Constitution Fourteenth Amendment Act of 2008

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Constitution Fourteenth Amendment Act of 2008
enacted by the Parliament of South Africa
The Constitution Fourteenth Amendment Act of 2008 is an act of the Parliament of South Africa amending the Constitution of the Republic of South Africa, 1996. It abolished floor-crossing in the National Assembly and the provincial legislatures, by reversing the effects of the Constitution Ninth Amendment Act of 2002 and the Constitution Tenth Amendment Act of 2003. A presidential proclamation brought it into effect on 17 April 2009, simultaneously with the Constitution Fifteenth Amendment Act of 2008, which abolished floor-crossing in municipal councils.

Note that [words in bold type in square brackets] indicate omissions from existing enactments, while words underlined with a solid line indicate insertions in existing enactments.


(English text signed by the President.)
(Assented to 6 January 2009.)



Act


To amend the Constitution of the Republic of South Africa, 1996, so as to—

further regulate the determination of political party participation in provincial delegations to the National Council of Provinces; and

abolish the right—

of a member of the National Assembly or a provincial legislature to become a member of another political party whilst retaining member­ship of the National Assembly or that provincial legislature; and

of an existing political party to merge with another political party, or to subdivide into more than one political party, or to subdivide and to permit any of the subdivisions to merge with another political party, whilst allowing a member of the National Assembly or a provincial legislature affected by such changes to retain membership of the National Assembly or that provincial legislature;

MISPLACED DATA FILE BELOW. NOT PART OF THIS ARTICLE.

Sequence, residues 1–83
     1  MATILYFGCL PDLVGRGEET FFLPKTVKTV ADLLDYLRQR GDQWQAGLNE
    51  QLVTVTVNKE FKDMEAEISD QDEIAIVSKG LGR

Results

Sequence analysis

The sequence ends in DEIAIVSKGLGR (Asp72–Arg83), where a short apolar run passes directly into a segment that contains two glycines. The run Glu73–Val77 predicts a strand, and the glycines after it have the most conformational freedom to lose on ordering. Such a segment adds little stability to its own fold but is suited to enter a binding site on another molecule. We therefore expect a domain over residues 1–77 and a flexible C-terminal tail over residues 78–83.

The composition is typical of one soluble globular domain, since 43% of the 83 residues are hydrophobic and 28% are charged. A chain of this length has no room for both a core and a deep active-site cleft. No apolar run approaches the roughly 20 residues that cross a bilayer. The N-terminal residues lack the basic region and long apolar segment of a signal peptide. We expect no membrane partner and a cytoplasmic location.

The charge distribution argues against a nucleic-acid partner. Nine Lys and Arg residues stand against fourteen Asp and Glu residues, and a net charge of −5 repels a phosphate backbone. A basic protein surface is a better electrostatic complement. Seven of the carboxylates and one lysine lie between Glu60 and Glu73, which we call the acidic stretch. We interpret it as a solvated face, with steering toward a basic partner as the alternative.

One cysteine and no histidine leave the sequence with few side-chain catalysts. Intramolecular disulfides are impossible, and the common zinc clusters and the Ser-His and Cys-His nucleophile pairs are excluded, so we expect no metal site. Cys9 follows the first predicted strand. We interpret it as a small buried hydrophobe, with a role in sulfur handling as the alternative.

and to provide for matters connected therewith.


Parliament of the Republic of South Africa enacts as follows:—


Amendment of section 61 of the Constitution of the Republic of South Africa, 1996, as amended by section 1 of the Constitution Ninth Amendment Act of 2002

1. Section 61 of the Constitution of the Republic of South Africa, 1996 (hereinafter referred to as the Constitution), is hereby amended by the substitution for subsection (2) of the following subsection:

“(2) (a) A provincial legislature must, within 30 days after the result of an election of that legislature is declared—

(i) determine, in accordance with national legislation, how many of each party's delegates are to be permanent delegates and how many are to be special delegates; and